The two Jewish children, Andre and Jacob, Julian was the one that I think was more especially close to them, and the two older ladies whose house they stayed in, in town. Julian would visit them. Charlotte would go now and again, you didn’t get the idea though that they were constantly on her mind. Also after the children were moved to the country the old lady at the house betrayed them, although they probably would have found them.

I haven’t mentioned the movie too much. The movie gave Hope for both Julian’s father, who was one quarter Jewish and the boys. Also they did not have to face the ordeal alone. The book left you no hope, taking both to their ultimate conclusion. There was no letter in the book. When the boys were taken in the movie, I did think, better they had been taken all at once with their parents, but then they had Julian’s father. In the book they never came to know his father. So I felt they definitely would have been better off if they had been taken with their parents in view of the outcome. If the outcome had been different and they had not been found then of course I would say it was a good thing they did not go with their parents.

How about B. I cannot think of his name. Benoir comes to my mind but I don’t think that’s right. The schoolteacher. There was a lot more background as to why he did what he did, his thinking on how the war would go. Also the fact that many thought like him and did not like Churchill and the British, but would rather have the German’s there with a Vichy government, and get rid of the Jews and the Communists. B’s need for recognition and power. The girl who was the telephoned exchange operator, she was not so much against them.

There were many more characters in the book, all the different resistance workers and a mention of the two groups, the Gaullist’s and the Communists.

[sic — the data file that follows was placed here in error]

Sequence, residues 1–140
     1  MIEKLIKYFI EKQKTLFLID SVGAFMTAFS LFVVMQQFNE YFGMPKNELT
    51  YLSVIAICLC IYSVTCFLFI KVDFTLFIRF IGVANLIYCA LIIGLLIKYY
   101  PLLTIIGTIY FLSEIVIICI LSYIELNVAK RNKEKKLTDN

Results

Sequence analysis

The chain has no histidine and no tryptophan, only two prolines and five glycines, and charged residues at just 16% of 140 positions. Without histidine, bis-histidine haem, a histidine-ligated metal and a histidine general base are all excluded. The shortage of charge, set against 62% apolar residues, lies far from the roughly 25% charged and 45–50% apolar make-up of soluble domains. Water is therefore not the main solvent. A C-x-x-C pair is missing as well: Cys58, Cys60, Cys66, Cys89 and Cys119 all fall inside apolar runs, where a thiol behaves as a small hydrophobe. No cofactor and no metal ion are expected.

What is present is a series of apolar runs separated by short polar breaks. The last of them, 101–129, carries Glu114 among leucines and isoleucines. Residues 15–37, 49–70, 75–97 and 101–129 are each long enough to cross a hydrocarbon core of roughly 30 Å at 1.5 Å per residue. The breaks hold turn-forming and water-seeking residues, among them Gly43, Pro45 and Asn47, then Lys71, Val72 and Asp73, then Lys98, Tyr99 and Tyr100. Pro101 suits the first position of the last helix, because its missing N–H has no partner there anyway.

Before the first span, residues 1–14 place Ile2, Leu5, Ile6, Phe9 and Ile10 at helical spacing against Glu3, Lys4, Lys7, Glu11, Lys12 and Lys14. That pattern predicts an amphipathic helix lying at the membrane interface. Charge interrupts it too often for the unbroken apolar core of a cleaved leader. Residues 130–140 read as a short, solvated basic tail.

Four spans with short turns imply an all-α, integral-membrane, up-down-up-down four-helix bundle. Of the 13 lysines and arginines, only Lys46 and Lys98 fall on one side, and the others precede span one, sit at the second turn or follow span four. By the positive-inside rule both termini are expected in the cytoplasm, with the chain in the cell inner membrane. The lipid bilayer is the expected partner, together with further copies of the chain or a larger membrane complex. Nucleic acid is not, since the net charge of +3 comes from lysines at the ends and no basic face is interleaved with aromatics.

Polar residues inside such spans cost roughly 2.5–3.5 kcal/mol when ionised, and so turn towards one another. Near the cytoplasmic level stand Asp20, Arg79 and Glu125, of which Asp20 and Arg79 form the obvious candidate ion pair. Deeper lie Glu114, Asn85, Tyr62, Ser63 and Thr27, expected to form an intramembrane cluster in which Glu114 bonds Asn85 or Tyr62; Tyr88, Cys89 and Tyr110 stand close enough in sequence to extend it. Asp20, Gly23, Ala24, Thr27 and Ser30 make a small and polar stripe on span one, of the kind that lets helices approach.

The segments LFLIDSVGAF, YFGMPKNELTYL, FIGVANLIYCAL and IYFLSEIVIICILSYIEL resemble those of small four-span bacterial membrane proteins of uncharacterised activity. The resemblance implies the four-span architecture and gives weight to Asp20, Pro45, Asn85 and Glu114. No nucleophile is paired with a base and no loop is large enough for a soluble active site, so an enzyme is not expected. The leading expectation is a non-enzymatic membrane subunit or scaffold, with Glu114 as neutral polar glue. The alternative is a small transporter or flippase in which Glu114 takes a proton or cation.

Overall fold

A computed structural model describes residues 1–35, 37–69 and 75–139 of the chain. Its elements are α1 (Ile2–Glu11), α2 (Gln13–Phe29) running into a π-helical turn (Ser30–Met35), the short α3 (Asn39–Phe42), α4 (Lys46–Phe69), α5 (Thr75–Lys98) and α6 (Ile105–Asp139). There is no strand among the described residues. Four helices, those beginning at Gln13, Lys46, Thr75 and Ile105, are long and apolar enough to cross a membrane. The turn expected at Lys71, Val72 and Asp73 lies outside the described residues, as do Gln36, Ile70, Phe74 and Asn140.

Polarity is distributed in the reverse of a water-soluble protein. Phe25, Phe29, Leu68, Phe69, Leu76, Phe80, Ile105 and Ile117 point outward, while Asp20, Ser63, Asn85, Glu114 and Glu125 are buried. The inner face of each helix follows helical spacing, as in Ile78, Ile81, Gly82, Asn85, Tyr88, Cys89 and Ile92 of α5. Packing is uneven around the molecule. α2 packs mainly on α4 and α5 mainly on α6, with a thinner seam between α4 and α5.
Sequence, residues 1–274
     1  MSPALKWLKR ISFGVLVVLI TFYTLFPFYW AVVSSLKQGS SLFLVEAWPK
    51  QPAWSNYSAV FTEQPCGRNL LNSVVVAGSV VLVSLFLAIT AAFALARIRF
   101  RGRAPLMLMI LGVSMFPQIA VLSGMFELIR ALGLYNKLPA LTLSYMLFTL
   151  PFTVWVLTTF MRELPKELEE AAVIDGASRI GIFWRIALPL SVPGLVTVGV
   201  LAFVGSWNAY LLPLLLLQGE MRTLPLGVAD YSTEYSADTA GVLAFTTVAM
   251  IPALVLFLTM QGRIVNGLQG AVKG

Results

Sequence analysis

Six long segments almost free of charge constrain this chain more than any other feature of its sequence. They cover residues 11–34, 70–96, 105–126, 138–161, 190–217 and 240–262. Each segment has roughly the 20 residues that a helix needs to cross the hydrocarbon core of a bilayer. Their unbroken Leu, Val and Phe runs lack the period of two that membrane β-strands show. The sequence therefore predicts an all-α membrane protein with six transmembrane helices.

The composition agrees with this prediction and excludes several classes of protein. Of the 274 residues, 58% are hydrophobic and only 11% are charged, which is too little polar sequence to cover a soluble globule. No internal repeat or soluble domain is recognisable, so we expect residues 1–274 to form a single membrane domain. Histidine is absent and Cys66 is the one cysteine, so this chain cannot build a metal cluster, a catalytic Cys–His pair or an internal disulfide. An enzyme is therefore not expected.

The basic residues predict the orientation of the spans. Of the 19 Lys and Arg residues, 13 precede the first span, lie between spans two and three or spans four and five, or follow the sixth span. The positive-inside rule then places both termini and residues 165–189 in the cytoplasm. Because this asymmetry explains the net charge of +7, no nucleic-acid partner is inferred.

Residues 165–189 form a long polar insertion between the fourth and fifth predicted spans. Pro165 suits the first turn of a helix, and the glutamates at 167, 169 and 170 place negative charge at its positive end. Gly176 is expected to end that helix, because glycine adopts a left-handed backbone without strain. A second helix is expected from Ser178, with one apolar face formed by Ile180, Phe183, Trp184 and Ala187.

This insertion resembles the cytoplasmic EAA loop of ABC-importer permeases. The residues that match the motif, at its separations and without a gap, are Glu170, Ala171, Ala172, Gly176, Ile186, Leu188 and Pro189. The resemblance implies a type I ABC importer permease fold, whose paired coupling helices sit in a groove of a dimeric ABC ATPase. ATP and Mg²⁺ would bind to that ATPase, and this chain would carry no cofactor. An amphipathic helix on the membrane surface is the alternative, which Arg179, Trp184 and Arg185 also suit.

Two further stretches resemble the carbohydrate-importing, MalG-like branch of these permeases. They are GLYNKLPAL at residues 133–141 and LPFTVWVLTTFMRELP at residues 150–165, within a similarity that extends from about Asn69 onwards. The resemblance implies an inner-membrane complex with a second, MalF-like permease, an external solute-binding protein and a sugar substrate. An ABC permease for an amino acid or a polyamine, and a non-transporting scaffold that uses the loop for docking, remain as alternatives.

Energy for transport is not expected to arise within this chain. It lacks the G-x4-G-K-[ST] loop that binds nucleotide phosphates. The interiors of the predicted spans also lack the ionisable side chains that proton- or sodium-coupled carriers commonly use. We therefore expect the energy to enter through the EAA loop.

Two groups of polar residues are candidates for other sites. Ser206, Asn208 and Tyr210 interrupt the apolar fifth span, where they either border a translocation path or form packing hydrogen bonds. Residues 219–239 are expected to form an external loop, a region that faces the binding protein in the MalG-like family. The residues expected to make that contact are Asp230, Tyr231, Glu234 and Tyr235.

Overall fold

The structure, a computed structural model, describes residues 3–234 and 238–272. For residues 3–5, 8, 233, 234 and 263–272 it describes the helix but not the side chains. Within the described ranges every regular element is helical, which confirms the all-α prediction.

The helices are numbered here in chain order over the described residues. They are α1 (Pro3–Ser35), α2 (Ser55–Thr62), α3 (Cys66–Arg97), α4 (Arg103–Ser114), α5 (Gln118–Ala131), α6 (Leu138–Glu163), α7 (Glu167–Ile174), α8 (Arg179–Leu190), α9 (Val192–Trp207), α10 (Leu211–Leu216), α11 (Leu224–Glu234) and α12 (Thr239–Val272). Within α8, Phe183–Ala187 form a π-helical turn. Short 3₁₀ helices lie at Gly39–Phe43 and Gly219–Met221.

The conclusion of the book was satisfactory, with the good outcome with her father. Peter coming to the realization that he truly did love her and he lived to be reunited with her. But as in true life the sadness. The small wish of Julian’s father that Charlotte would like Julian, but he knew it wasn’t so, because she had told him about Peter and knew she didn’t feel that way towards him. No hope for the father and the children.

The book did leave you to think that Peter and Charlotte would go back to France to visit the families and individuals who had helped them. As with Peter and the elderly couple who took him in with his bad leg and shared all they had with him. Julian and Charlotte had a strong friendship, which was more, for a brief moment of need. You felt that after the war Peter and Charlotte would go back to France together to visit.

In the movie Charlotte sees Peter, tells him it’s all over, too much water under the bridge. After the war she goes back to France, to see Julian, and their future is together.

Which did I like more, well I liked both, but the movie held out more hope.

Christys Book Reviews